Apologies can potentially help resolve legal disputes ranging from injury cases to wrongful firings, according to new research.
Jennifer Robbennolt, professor of law and psychology, University of Illinois, says apologies can give wounded parties a sense of justice and satisfaction that promotes settlements and trims demands for damages.
“Conventional wisdom has been to avoid apologies because they amount to an admission of guilt that can be damaging to defendants in court,” she said.
“But the studies suggest that apologies can actually play a positive role in settling legal cases,” she adds.
Robbennolt surveyed more than 550 people, gauging their reaction to apologies offered during settlement negotiations in a hypothetical injury case.
She says apologies generally reduced financial demands, increasing prospects for an agreement. But the nature of the apology also matters.
Apologies that accept fault have more impact than apologies that merely express sympathy, but take no responsibility.
Robbennolt says apologies that accept blame can be powerful psychologically, giving plaintiffs a sense of closure and accountability that makes them less angry and more willing to forgive.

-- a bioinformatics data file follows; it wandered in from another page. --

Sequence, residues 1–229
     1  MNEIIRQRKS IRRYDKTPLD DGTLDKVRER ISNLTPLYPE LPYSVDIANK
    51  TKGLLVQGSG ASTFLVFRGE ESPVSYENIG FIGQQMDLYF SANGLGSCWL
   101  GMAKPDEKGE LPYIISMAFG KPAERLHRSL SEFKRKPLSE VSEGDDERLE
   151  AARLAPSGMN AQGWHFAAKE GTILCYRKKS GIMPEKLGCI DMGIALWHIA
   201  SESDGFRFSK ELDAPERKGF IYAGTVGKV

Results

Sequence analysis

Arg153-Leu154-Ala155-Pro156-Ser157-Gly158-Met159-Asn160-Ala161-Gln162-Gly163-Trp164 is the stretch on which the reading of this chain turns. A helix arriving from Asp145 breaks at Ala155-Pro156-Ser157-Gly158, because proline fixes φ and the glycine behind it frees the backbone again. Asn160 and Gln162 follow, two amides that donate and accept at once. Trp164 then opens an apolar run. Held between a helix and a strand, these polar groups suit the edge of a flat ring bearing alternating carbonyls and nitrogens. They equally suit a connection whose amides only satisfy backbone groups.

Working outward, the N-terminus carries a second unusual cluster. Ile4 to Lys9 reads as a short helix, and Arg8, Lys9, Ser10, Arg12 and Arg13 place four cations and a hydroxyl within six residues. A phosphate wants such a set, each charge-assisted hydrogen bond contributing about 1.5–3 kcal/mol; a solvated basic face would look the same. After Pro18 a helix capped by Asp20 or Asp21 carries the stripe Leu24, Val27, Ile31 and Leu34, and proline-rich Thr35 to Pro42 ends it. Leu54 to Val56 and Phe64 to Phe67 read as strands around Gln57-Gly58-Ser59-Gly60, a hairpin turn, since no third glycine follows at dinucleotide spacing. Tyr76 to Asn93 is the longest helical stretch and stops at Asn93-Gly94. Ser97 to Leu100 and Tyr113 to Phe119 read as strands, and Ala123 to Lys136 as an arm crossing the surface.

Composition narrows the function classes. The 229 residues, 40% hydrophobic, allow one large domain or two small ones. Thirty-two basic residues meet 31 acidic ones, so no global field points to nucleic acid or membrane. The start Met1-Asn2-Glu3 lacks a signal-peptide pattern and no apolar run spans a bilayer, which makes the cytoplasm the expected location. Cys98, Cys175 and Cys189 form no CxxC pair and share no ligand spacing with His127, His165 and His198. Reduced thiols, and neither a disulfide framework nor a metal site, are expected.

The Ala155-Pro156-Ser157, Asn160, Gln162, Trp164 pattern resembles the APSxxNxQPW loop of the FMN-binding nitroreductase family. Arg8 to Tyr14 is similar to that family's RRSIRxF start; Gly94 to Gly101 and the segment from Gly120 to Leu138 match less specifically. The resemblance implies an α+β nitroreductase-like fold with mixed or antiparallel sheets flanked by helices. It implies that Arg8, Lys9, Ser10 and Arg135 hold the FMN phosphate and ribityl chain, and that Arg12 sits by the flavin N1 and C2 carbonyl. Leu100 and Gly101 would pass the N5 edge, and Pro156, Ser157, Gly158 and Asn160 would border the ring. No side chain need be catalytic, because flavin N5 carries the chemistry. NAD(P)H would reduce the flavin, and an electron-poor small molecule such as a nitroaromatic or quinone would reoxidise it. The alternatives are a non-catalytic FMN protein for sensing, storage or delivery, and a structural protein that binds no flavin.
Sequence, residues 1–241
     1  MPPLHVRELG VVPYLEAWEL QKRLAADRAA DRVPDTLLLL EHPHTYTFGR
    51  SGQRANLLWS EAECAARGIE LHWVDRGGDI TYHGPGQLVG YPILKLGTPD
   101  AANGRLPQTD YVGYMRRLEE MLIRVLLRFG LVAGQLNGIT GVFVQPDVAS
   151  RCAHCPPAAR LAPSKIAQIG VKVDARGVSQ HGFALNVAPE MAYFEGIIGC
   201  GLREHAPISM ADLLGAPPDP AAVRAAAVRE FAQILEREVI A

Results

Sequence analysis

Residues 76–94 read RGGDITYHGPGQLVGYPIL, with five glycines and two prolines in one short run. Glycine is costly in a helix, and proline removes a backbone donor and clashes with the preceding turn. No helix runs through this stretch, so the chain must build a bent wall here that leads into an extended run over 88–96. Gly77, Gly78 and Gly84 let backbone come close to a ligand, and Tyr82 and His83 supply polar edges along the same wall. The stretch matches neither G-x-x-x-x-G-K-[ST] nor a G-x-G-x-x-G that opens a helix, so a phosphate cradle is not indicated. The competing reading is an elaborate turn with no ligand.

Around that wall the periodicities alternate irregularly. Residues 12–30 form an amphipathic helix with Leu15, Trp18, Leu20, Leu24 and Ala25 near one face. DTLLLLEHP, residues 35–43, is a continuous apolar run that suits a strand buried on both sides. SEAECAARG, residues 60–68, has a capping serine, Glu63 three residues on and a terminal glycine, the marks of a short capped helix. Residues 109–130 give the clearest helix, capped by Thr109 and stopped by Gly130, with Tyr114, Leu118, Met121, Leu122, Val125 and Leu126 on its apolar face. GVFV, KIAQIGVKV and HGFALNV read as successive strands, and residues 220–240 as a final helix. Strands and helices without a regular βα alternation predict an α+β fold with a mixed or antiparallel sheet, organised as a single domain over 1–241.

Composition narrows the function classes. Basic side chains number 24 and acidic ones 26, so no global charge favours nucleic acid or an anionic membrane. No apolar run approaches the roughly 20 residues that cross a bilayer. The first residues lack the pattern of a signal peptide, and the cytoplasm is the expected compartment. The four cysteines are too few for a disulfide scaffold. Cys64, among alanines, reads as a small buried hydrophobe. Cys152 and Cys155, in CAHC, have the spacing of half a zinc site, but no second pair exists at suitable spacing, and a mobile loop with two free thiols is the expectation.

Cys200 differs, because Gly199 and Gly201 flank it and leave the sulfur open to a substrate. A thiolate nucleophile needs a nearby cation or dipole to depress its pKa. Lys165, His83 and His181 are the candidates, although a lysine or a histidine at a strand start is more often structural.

“The apology fulfils some of the goals that triggered the suit, such as a need for respect, to assign responsibility and to get a sense that what happened won’t happen again,” she says.
“So, receiving an apology can reduce financial aspirations and make it possible for parties to enter into discussions about settlement,” she adds.
For defendants, apologies can reduce legal costs as well as damages because cases may settle more quickly, says Robbennolt, who has studied the legal implications of apologies for a decade.
She says lawyers may view apologies differently because of their third-party view of the dispute or because their training provides a perspective on the legal value of apologies that lay people fail to appreciate, says a University of Illinois release.